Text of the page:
Addis Ababa - During United States President Barack Obama’s historic visit to Ethiopia, the Ethiopian government and the US-Icelandic Firm Reykjavik signed a construction agreement on Monday to kick off the first 500 Megawatt (MW) phase of a major 1 000 MV geothermal electricity plant.
It will be boosted by technical and investment expertise from Obama’s two-year-old Power Africa initiative which is meant to spur investment in energy generation.
The $4 billion 1 000 MW Corbetti geothermal plant will sell generate and sell power to the Ethiopian government which will provide it to its citizens. It was one of the first Power Africa projects when a preliminary agreement was signed in October 2013. It has been touted as Africa’s largest geothermal energy initiative and Ethiopia’s largest Public Private Partnership (PPP).
Obama announced Power Africa on his previous visit to Africa two years ago. It aims to give Africans an extra 30 000 MW of cleaner, more efficient electricity generation capacity to light up 60 million new homes and businesses across the continent.
It also aims to expand rural electrification and with access to small scale and off-grid technology.
To date the initiative, according to the US government, has leveraged more than $20 billion in commitments from the private sector for new on and off grid projects in sub-Saharan Africa. The US government has committed to providing more than $7 billion in financial support, loan guarantees and technical support.
On Tuesday, the Ethiopian government and Reykjavik are expected to sign an agreement to launch the second, 500 MW, phase of the geothermal project. The whole project is expected to take 8 to 10 years to complete.
Edward Njorge from Corbetti Geothermal Project said Monday that, after tough negotiations they agreed on all terms, making for a good business deal, while boosting the country’s renewable energy endeavour.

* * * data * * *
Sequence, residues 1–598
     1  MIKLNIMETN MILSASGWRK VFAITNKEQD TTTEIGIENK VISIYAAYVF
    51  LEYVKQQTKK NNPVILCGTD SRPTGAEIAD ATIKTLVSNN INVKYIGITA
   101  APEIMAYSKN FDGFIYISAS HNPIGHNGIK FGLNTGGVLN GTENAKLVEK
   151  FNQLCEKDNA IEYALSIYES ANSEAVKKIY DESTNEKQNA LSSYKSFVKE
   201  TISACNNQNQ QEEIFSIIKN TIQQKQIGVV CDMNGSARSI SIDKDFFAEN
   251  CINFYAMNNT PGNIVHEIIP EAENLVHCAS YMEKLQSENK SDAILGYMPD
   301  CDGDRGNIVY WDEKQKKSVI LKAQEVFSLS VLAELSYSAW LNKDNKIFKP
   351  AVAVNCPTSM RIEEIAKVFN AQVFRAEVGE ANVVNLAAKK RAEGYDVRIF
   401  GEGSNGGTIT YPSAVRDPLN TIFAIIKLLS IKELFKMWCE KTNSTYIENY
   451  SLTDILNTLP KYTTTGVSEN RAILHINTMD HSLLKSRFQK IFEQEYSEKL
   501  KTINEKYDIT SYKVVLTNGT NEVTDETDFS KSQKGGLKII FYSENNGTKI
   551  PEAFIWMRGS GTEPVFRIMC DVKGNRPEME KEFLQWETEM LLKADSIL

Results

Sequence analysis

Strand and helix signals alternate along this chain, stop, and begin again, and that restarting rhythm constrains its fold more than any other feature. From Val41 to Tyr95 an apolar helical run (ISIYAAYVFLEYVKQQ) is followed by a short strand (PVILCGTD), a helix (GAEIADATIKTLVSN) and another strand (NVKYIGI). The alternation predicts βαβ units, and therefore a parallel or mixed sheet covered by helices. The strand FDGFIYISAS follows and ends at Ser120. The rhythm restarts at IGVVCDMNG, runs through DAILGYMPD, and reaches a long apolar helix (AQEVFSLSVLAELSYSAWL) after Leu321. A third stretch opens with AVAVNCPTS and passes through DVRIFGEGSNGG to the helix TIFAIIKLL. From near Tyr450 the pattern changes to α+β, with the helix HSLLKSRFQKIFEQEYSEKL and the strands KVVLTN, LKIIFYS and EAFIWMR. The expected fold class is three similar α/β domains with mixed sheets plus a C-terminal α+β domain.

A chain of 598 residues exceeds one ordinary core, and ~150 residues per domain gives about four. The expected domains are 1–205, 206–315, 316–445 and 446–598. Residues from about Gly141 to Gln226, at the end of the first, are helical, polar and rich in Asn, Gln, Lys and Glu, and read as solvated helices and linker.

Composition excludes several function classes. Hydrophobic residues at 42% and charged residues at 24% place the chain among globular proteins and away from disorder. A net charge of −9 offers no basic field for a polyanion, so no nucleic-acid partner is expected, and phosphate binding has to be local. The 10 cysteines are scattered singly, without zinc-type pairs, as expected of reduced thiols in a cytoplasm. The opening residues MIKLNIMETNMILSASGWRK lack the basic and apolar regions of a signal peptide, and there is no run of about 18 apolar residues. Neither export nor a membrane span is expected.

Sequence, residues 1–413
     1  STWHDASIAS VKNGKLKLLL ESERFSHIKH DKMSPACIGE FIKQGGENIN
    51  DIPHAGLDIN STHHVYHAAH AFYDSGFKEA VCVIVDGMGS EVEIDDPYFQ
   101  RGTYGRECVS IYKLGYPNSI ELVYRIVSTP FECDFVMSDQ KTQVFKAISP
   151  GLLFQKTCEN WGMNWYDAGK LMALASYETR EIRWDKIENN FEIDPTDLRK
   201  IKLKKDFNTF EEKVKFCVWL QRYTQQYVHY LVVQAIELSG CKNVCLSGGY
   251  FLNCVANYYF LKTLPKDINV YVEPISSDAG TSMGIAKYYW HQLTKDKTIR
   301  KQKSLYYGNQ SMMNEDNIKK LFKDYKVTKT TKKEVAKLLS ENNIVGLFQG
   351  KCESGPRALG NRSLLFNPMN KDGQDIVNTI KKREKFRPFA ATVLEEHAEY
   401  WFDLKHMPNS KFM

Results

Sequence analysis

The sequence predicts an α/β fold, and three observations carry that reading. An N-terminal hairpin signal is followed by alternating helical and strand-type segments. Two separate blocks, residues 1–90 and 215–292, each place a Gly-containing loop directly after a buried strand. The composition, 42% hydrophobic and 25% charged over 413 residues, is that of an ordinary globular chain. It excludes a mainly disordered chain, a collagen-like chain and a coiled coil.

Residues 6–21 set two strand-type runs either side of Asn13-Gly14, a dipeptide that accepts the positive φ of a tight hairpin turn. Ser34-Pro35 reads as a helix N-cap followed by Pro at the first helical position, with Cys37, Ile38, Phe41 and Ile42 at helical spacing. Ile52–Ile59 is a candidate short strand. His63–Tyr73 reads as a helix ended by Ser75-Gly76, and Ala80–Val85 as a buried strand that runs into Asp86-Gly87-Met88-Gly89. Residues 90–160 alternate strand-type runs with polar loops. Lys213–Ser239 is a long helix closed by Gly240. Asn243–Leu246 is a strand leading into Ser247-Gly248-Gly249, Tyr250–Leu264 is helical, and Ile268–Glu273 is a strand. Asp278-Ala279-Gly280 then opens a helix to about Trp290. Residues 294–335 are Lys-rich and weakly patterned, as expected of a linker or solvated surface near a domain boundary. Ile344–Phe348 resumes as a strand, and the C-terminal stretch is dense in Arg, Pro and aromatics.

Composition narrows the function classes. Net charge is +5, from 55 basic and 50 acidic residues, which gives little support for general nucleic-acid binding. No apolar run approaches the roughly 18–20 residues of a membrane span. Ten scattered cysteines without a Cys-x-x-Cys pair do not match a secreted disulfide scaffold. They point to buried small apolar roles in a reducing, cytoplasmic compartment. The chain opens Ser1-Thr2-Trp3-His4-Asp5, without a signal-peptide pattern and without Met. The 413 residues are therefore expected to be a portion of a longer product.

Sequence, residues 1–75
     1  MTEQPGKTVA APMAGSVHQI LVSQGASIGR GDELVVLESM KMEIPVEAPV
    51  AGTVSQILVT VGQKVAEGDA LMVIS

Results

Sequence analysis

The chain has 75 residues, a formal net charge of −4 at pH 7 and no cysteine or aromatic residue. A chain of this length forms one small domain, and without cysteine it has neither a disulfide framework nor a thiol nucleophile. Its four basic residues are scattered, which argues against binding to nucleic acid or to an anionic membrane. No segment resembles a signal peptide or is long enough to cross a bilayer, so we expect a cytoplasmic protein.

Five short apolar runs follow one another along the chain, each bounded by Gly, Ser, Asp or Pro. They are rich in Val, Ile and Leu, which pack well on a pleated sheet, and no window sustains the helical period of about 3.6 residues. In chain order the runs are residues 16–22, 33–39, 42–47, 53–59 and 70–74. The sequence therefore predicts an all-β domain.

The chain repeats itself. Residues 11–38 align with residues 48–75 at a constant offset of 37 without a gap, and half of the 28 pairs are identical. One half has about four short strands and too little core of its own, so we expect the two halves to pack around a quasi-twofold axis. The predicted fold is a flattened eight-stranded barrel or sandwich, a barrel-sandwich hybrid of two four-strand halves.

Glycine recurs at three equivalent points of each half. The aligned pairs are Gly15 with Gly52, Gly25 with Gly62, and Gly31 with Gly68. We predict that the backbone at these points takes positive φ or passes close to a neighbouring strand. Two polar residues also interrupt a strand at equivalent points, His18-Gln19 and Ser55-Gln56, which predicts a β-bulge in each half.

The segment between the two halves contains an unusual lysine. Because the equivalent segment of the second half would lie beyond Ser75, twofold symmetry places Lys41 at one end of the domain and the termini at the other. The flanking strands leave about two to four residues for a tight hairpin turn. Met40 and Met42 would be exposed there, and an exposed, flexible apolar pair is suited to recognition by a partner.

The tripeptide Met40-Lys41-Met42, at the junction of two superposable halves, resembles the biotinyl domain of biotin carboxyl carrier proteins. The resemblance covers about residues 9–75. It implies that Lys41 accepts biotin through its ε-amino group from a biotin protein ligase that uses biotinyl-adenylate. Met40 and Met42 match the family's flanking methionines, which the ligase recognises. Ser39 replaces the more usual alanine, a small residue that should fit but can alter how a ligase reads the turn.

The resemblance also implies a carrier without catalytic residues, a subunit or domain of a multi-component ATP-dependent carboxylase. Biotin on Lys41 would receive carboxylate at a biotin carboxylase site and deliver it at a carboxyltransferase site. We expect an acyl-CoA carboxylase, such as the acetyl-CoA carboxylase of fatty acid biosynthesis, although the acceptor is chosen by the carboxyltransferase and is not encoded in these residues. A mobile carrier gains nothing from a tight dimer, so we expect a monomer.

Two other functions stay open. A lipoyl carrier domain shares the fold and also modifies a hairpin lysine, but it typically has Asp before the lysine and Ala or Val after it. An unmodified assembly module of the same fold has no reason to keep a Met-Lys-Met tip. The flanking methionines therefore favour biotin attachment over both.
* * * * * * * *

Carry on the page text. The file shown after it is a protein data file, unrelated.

“Ethiopia like other African nations suffer from lack of energy, and its lack stunts development, and its 7 000 MW plus geothermal potential can help in bridging the energy gap”.
Azeb Asnake, CEO of Ethiopia’s state-owned power utility firm (EEP) said the country had embarked on a 25-year master plan in its green growth strategy, and the involvement of the private sector was part of achieving this target. The government hoped to increase power generation capacity from the current 4 200 MW to about 37 000 MW by 2037.
Ethiopia plans to increase its power generation capacity in its ambitious economic plan called Growth and Transformation Plan (GTP II) 2015 to 2020 to 17 300 MW by 2020, with the 500 MW Corbetti Goethermal project being part of the plan.
“Power will make Ethiopia move to middle income status country”
Alfonso E.Lenhardt, acting administrator of the United States Agency for International Development (USAID) said the potential for this energy-endowed country of nearly 100 million people was vast, with energy being the base of societal development, from healthcare to industry.
US Senator Ed Markey of Massachusetts, a previous chair of the Senate committee on energy, believes renewable energy is be a better alternative to fossil fuels such as coal, gas or oil.
“I’m very excited to be part of the US-Ethiopia partnership, and I hope the country moves in leaps and bounds, in Gigabytes in telecom, Gigawatts in electricity” said Markey.